Brand Development · Design

Do you favour choice variety or clear decision from your design team?

Ste cofounder at weareloot.com, owner of lofo.london, founder hyperwork.co

December 23rd, 2019

Do you want a Paul Rand-ish 'this is your logo, here you go' approach or do you want to see as many choices as possible before coming to a decision?

I've been designing stuff for the past 8 years and still haven't found an answer to that. Wondering what you, in a client position, usually expect.

Justine Tripp Founder Ready to Build Bo & Stine's Pet Lounge & Cafe with a great Team

December 23rd, 2019

I find that it depends on the client. Old school companies like a clear choice and might appreciate a backup design if the first one isn’t to their liking, whereas companies run by younger generations like options. Personally if I’ve given a lot of parameters for a logo I want those parameters met in at least one main design and if they have a couple others that follow some but not all of my asks I like seeing those too because you never know and I appreciate design options that I never thought of.

Paul Garcia marketing exec & business advisor

December 24th, 2019

The creative brief and scope of engagement should define this. Usually a client has a budget for design. As you'd expect, offering multiple options takes a bit more time than just one. Just one creative option means the likelihood of rejection is higher.


Typically what I expect a sketch of three concepts all meeting the description in the creative brief. This comes at a very early stage, and then I can discuss with the designer the impressions, problems, and compliments on the three comps. From that, the designer should be able to take the critique and finish the one design that was the best fit.


If the client has a style book, it can be very helpful for the designer, so they aren't off in wild directions that won't be a match. Regardless of how organized their marketing department is, you should still be handing them a blank creative brief template that will answer the 20 questions you need to proceed with any job, small or big. When you make the client think about things in advance, you get fewer complaints and less re-work requested.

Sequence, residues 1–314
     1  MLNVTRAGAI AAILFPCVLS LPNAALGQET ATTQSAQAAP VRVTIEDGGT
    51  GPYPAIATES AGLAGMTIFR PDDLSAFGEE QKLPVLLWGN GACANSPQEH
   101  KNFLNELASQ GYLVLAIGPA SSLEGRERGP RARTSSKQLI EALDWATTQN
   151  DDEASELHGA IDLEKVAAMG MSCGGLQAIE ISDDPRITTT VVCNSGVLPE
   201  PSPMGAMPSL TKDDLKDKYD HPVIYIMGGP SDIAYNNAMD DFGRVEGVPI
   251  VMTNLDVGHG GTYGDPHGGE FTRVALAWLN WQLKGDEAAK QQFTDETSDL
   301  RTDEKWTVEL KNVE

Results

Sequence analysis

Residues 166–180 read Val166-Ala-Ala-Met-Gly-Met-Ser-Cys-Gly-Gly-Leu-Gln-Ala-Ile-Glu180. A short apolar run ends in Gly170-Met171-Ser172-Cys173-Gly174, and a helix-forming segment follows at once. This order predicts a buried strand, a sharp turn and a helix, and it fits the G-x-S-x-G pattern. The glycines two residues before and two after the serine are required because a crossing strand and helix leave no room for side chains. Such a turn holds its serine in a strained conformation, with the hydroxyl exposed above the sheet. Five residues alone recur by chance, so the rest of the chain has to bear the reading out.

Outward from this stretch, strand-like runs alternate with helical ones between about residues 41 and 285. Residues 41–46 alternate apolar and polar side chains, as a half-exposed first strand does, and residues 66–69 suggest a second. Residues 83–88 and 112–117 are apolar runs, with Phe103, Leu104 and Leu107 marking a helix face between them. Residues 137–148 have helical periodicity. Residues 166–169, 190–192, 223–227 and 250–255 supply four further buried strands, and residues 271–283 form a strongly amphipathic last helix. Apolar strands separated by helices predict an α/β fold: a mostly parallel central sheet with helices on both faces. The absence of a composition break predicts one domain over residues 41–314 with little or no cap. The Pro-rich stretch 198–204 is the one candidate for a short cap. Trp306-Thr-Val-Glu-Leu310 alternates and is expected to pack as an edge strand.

paul Okoduwa Web Developer - Product Developer, Coach, Speaker, Writer, Project manager, Digital marketer

December 23rd, 2019

I think it really depends on our work relationship and individual roles. There are some persons who based on previous experience you trust their sound judgement, for them you really don't need a lot of choice. Others might be different, you might have to request for different choices so as to enable you pick one

Carl Bourhenne Founder & CEO

December 23rd, 2019

Choices

Zack wilson Startup Founder & CEO

December 24th, 2019

Multiple options to chose from. Nearly always. Unless they are among the most respected designer’s in their field.

Sheeba Pathak Solopreneur

December 25th, 2019

Can't comment as a client but yes, any stakeholder's expectation and deliverable should be laid out clearly in the beginning itself; irrespective of whether an internal employer-employee/employer-agency/employer-consultant etc.

Even if it's a creative process, else bill them extra for the additional effort put in.

Rhoangelson Dewah Co founder & CEO @Angelson marketing & modelling agency

January 1st, 2020

Hie there Its a 2 way street. 1 client can walk in knowing exactly the kind of design they are looking for and yet again anouther will walk in with an idea but willing to further brain storm and see more options. If the latter you can present a variety of options that are inline with your clients thinking.